Who doesn’t love a healthy garden with colourful flowers? A garden irrigation system plays a major role in boosting your home’s curb appeal and contributing to its overall well-being.
To maintain a healthy garden, it is essential to have a well-functioning irrigation system. But, like all machinery, these systems age. Even with routine maintenance, repairs and replacements, the time will come when it will stop working.
But there are ways to tell that it’s time for a new irrigation system installation.
Here, we discuss those signs so you have a fair idea of when it is time to replace your old irrigation system.
Is It Time for a New Irrigation System Installation? (How to Recognize the Warning Signs)
An irrigation system is the backbone of a beautiful garden. While different parts may need to be repaired or replaced throughout its life, you can expect the average sprinkler system to last 15-20 years.
However, your garden irrigation system will eventually decline, as will your lawn watering system. So, how do you know when it’s the right time to replace it? Let’s look at the major warning signs.
- Frequent Leaks
Leaks are a common problem in irrigation systems. You usually find them in older systems, and they normally occur in the mainline. This is the internal/external tubing that carries pressurized water from your water source to your irrigation valves.
Small leaks, such as those within sprinklers, valves, or nozzles, are easily repaired. However, if mainlines leak, your system will start underperforming because there won’t be enough water reaching valves and sprinkler nozzles for distribution. Then you might have to replace the system.
In the case of your sprinkler heads, if they continue leaking even after multiple repairs, it is probably time to consider an upgrade. This will save you money over the long run as you won’t be spending time and money on frequent repairs.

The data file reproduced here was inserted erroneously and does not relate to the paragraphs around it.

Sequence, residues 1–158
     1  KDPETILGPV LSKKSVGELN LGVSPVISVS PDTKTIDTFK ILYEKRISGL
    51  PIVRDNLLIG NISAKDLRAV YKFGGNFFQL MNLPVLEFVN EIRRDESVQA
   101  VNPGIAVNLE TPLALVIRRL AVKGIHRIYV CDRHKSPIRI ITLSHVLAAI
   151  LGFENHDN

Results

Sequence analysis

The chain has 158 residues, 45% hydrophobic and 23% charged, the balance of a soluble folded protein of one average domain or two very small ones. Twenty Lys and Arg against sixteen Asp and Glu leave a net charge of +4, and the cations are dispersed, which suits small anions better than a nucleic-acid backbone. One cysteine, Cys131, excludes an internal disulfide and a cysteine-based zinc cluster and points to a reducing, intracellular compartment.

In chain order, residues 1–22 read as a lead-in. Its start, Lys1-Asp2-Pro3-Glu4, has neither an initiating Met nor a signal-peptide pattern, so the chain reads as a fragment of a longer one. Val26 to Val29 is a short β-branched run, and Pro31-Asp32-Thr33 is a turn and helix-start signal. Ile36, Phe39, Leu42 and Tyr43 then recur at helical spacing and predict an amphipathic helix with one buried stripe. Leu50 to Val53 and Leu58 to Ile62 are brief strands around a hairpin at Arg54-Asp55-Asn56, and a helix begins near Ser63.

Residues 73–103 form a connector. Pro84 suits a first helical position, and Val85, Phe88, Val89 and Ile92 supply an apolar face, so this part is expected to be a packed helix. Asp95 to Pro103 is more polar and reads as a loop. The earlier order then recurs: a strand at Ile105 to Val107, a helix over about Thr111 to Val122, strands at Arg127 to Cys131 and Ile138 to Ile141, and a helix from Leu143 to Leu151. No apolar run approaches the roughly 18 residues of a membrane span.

- Low Water Pressure
Your irrigation system being unable to project water as efficiently as it is used to is a clear sign that it is in need of help. The problem may be caused by chips or cracks in the sprinkler head. Seek help from irrigation experts to determine whether it needs to be repaired or completely replaced.
- Increasing Water Bills
If you notice a sudden but ongoing hike in your water bills with each passing summer, it may be due to an inefficient irrigation system.
Poor system installation may be to blame, or decreased efficiency because of age. When the system becomes less efficient, it requires more water to get the job done, causing a sudden and sustained leap in your water bill. Call a plumber to determine whether the problem can be resolved, or if it’s time for a replacement.
- Poor Design
Under and overwatering can both be detrimental to your garden. Poor design may be the reason behind both scenarios. You may notice that it is overwatered in some areas or that there are large dry spots where water does not reach.
If you see that the system can’t adjust its flow as per the plant, soil, weather change, or hydration level, know that these are all signs of outdated irrigation. Work with an irrigation expert to figure out which type of sprinkler system will best meet your garden’s requirements while minimizing water waste to save you money.
- Old Irrigation System
How old is your irrigation system and how many years does it have left? Have you had to replace parts or noticed repeat signs of distress and damage?
Every system has a lifespan, and the older it is, the more prone it will be to breakdown and need repair. And since systems become outdated, repairing them may cost more than upgrading to a new one. Thanks to advances in technology, newer sprinkler systems are much more cost-effective and energy-efficient.
Without proper irrigation, your garden cannot survive, let alone thrive. Hopefully, keeping track of these warning signs will help you understand whether your irrigation system requires repair or replacement. If you have any trouble assessing the problem, contact an irrigation expert near you to better understand your irrigation system.